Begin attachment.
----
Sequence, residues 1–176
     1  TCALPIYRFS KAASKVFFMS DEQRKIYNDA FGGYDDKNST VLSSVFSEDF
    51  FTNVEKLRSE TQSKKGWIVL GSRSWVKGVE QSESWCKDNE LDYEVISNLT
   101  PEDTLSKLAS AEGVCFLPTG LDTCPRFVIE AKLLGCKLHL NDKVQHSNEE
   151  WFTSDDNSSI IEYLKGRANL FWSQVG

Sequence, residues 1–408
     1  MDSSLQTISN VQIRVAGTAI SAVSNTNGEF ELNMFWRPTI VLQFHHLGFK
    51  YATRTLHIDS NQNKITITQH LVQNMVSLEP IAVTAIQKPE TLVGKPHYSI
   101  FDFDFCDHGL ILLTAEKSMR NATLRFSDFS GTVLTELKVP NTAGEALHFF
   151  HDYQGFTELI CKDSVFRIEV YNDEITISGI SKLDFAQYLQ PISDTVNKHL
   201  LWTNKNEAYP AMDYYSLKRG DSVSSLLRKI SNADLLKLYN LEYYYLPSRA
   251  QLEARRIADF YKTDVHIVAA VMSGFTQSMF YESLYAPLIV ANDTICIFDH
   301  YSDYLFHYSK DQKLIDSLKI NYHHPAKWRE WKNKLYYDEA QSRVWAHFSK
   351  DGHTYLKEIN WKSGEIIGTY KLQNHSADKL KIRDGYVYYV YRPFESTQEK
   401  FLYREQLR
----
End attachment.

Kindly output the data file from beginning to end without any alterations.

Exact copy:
Sequence, residues 1–176
     1  TCALPIYRFS KAASKVFFMS DEQRKIYNDA FGGYDDKNST VLSSVFSEDF
    51  FTNVEKLRSE TQSKKGWIVL GSRSWVKGVE QSESWCKDNE LDYEVISNLT
   101  PEDTLSKLAS AEGVCFLPTG LDTCPRFVIE AKLLGCKLHL NDKVQHSNEE
   151  WFTSDDNSSI IEYLKGRANL FWSQVG

Sequence, residues 1–408
     1  MDSSLQTISN VQIRVAGTAI SAVSNTNGEF ELNMFWRPTI VLQFHHLGFK
    51  YATRTLHIDS NQNKITITQH LVQNMVSLEP IAVTAIQKPE TLVGKPHYSI
   101  FDFDFCDHGL ILLTAEKSMR NATLRFSDFS GTVLTELKVP NTAGEALHFF
   151  HDYQGFTELI CKDSVFRIEV YNDEITISGI SKLDFAQYLQ PISDTVNKHL
   201  LWTNKNEAYP AMDYYSLKRG DSVSSLLRKI SNADLLKLYN LEYYYLPSRA
   251  QLEARRIADF YKTDVHIVAA VMSGFTQSMF YESLYAPLIV ANDTICIFDH
   301  YSDYLFHYSK DQKLIDSLKI NYHHPAKWRE WKNKLYYDEA QSRVWAHFSK
   351  DGHTYLKEIN WKSGEIIGTY KLQNHSADKL KIRDGYVYYV YRPFESTQEK
   401  FLYREQLR